As for climate change being caused by CFC’s, which is really almost a side note in Lu’s article, Lu’s conclusion is not robust. At one point he correlates ozone loss with stratospheric temperature (not ground temperature) in Antarctica to state that there is a strong correlation between ozone loss and climate, but he’s not talking about surface climate, which is what we are all concerned with when discussing global climate change, and correlation between ozone loss at the poles and stratospheric temp at the poles is not an indication of correlation between ozone loss at the poles and surface temp all over the globe.
A few paragraphs later in the article he tries to make the case more directly: he shows that global climate (and this time, I think he really means mean global surface air temperature) correlates well with stratospheric CFC’s, and the correlation looks good, but he doesn’t provide a causal mechanism linking the two. He cites the IPCC as stating that CFC’s are responsible for about 13% of gas-induced anthropogenic warming and argues that, therefore, CFC’s are clearly important. Well, he continues to argue, if they are important, they could be even MORE important! No. Many scientists have studied what they call climate “forcing” by CFC’s and have compared its effect to other gasses, and the conclusion is that CFC’s are responsible for only 13% of the warming that has occurred, not possibly more. Lu’s graph that shows a correlation between CFC’s and global surface air temperature does not prove that it is more. I could graph obesity in the U.S. versus our GDP over several decades and probably get a pretty good correlation, but that doesn’t prove that one caused the other (see also Gavin’s “by-eye correlation” comment on my previous post).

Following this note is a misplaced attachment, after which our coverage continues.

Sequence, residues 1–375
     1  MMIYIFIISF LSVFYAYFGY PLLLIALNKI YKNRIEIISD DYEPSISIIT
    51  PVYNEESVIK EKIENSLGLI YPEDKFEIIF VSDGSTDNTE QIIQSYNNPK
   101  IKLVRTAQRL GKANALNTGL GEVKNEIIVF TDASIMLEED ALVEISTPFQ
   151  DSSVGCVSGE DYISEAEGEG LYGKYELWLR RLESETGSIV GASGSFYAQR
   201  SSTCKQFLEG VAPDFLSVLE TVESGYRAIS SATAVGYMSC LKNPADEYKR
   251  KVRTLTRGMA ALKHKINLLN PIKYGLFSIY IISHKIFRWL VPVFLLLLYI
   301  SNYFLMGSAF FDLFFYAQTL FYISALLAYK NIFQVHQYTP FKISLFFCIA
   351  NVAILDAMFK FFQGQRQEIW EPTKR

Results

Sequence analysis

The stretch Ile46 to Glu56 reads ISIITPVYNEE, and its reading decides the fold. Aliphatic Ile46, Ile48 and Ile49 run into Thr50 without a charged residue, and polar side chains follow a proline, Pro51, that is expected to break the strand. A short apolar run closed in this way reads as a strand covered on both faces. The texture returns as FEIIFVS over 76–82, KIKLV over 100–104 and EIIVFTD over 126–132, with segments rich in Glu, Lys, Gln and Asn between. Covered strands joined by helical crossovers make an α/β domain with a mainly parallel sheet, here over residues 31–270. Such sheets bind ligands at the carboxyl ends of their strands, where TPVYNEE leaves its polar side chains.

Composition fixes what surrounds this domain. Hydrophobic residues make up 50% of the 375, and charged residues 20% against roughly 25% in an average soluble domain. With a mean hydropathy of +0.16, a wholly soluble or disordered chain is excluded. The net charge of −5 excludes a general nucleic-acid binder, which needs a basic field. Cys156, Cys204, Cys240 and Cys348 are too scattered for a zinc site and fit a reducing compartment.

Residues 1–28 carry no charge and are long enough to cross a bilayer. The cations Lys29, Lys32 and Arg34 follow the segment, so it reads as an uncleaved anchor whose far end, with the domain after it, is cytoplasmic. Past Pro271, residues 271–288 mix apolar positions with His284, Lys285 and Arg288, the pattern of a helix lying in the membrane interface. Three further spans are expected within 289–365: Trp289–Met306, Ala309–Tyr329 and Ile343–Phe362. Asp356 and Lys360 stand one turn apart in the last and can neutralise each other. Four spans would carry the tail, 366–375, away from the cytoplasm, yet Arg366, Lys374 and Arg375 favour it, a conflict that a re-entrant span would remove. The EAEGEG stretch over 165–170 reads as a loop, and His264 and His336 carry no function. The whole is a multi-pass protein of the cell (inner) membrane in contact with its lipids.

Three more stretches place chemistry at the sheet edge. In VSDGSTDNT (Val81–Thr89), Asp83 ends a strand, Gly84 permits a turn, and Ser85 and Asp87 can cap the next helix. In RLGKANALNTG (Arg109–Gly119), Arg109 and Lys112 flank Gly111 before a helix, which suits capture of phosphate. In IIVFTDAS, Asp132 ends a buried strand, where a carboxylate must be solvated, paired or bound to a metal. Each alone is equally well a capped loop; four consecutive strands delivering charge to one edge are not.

I want to repeat an important point from the previous paragraph: Lu has offered no causal mechanism for why CFC’s would cause more global warming than scientists previously thought. If scientists hadn’t already figured out how important CFC’s are in relation to CO2 and other greenhouse gasses, then such a correlation would effectively be a starting point for further investigation into the effects of CFC’s on global climate. Given that scientists have already figured this out, the recognition of a correlation is going nowhere.
So, once again, I conclude that the editors of the Daily Herald are completely misrepresenting the impact of Lu’s article. They make it sound like it’s the final nail in the anthropogenic climate change coffin, whereas, in fact, the article points out a correlation between CFC’s and climate and speculates (in the face of an already robust body of scientific knowledge) that there might be more there than previously thought. Furthermore, the bulk of the article tries to defend an idea that was proposed nine years ago and that was dismissed the scientific community.
So, we can let Wu go. We won’t hear from him or about him again for a long while, if ever, in regards to climate change science.
What’s more interesting to me now is some mathematical reasoning the editors of the Daily Herald apply further along in their article. Stay tuned—it should be sooner than another couple months before I tackle that.